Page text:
After a Chinese New Year's dinner, Jing-mei's mother gave her a jade pendant which she said was her "life's importance." At first, Jing-mei did not like the pendant; it seemed too big and ornate. After her mother's death, however, the pendant will begin to assume great importance to her — even though she does not really understand the meaning that her mother assigned to it. Later, Jing-mei will notice other Chinese wearing similar pendants and will ask one of them what the pendant signifies. He won't know either.
Jing-mei had helped her mother shop for the crabs that she served at the New Year's dinner. That day, her mother was annoyed about the tenants living in the second-floor apartment of a six-unit building that she owns. She was especially bothered by their cat, which Jing-mei and the tenants suspect that she poisoned. Jing-mei listened patiently to her mother as she poked the crabs to find the liveliest ones. As she was spearing the live crabs from the tank, one of them lost a limb. Mrs. Woo refused to accept it because a maimed crab is bad luck for the New Year. After a lengthy discussion, the fishmonger threw it in for free. When they return home, Jing-mei watches her mother cook, but she leaves the room when Mrs. Woo begins to boil the crabs; she cannot bear to see them die.
There are eleven people at the New Year's celebration. Mrs. Woo hadn't counted Waverly's daughter, Shoshana, and so she purchased only ten whole crabs. When she sees the extra person, she decides to cook the eleventh crab, the one missing a limb. At dinner, Waverly takes the best crab for her child, and Mrs. Woo ends up with the maimed one, which she doesn't eat.
Waverly subtly insults Jing-mei during the dinner, mentioning her choice of hairdresser. Jing-mei retaliates by teasing Waverly about her firm's finances because the bill that Jing-mei submitted for her ad copy has not been paid. Waverly retorts that Jing-mei hasn't been paid because her work was not acceptable — a retort that reduces Jing-mei to tears. Auntie Lindo comes to Jing-mei's rescue, pleading with Waverly to let Jing-mei rewrite the material. Waverly ignores her. Jing-mei goes to wash the dishes; she is no longer angry at Waverly — she simply feels tired and foolish.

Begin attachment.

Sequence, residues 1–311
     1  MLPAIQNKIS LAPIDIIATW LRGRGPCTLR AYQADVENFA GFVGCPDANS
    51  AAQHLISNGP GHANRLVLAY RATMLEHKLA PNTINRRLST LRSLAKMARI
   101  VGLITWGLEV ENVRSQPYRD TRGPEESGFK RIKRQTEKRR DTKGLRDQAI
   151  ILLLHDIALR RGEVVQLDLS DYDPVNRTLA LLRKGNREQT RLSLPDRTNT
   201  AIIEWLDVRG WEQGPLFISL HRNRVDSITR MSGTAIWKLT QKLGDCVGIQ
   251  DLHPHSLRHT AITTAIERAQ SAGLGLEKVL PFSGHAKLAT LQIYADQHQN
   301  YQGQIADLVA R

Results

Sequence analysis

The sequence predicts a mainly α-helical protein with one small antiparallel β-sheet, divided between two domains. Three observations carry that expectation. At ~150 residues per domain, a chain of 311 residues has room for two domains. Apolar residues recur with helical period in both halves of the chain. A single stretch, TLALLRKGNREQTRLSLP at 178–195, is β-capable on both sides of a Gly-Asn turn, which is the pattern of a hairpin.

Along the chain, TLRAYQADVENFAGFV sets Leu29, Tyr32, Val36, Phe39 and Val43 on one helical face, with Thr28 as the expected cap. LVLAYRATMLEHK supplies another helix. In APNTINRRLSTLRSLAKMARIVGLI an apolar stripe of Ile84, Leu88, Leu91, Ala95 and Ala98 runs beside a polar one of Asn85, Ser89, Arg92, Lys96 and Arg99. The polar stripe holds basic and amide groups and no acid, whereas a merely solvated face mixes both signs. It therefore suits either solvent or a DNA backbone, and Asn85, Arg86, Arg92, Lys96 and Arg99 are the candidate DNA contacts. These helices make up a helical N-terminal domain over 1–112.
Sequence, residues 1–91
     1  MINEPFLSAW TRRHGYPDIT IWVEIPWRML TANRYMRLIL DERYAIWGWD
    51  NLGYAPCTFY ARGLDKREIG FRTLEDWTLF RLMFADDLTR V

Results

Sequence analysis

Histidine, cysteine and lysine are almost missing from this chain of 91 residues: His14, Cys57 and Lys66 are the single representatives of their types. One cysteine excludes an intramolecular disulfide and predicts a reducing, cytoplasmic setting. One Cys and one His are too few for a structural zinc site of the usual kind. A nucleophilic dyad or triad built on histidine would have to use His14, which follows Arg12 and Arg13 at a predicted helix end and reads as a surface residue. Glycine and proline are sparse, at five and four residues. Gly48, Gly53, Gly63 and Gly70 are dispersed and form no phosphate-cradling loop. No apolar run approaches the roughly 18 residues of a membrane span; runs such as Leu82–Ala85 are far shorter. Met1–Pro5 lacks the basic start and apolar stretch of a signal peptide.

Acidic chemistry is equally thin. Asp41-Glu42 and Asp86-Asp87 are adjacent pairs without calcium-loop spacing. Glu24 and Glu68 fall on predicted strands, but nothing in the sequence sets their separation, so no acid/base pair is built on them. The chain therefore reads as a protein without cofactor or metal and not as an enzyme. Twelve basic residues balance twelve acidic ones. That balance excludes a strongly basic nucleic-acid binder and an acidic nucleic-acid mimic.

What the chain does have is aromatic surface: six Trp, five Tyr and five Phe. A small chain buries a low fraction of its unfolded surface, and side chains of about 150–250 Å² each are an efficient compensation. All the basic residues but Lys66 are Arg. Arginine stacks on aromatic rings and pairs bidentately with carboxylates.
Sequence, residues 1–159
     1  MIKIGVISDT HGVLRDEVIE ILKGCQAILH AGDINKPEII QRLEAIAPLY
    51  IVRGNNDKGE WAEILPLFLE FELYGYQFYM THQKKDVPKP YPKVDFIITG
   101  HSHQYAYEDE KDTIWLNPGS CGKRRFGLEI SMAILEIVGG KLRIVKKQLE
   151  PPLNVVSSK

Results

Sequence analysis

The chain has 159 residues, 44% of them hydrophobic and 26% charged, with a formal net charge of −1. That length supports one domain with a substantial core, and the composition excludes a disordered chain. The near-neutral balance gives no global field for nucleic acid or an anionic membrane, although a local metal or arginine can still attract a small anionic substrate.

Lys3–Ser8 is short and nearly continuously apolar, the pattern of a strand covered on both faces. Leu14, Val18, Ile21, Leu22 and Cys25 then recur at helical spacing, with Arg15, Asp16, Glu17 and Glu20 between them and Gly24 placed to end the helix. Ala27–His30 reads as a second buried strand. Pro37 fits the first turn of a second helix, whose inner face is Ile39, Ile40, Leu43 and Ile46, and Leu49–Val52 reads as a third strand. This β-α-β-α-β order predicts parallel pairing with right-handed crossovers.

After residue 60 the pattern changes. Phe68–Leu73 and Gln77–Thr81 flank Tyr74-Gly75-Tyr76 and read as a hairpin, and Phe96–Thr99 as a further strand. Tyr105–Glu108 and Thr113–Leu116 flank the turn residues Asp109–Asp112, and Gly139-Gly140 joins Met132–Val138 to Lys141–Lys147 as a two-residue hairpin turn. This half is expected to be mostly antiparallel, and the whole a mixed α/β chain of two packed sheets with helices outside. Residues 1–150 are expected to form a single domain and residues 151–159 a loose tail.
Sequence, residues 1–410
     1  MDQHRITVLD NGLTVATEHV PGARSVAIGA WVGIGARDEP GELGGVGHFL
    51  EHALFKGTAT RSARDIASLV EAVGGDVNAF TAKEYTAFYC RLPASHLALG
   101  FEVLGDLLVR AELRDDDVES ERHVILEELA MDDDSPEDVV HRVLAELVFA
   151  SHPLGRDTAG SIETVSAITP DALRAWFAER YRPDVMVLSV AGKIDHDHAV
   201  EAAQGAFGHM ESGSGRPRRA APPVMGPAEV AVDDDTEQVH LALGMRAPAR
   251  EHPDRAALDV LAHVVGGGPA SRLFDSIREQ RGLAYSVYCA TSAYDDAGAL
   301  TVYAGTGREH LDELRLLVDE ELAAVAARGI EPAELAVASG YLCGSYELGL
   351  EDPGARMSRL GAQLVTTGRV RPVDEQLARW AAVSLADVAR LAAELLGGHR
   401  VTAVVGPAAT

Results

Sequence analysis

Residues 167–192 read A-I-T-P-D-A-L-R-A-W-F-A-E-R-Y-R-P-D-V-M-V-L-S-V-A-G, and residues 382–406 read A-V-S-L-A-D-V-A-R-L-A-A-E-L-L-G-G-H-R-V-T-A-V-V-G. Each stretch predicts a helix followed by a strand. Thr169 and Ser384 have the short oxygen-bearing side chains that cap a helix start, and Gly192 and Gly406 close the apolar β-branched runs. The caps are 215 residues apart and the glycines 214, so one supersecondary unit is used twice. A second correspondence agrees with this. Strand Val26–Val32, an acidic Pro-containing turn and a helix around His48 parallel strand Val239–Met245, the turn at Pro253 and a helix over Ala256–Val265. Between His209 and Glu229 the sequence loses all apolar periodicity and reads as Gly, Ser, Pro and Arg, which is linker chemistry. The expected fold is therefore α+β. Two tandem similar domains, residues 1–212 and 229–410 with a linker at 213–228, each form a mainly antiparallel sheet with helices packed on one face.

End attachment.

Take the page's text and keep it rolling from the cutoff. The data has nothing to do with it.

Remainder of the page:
Later that night, after everyone has left, Jing-mei asks her mother why she did not eat her crab. Her mother tells her that it was already dead before she cooked it, and thus it was not edible. She cooked it merely because she thought that it might still be good and because she knew that only Jing-mei would pick it, because Jing-mei would never choose the "best quality." She sees this virtue as one of Jing-mei's best qualities. Then she gives to Jing-mei her "life's importance," the jade pendant necklace.
Note that the last section of this chapter is set in the present. Jing-mei is cooking dinner for her father, who has not been eating well since his wife's death. She hears the tenants upstairs and now understands her mother's former complaints. The tenant's cat appears at the window, and Jing-mei realizes that her mother did not poison it, after all.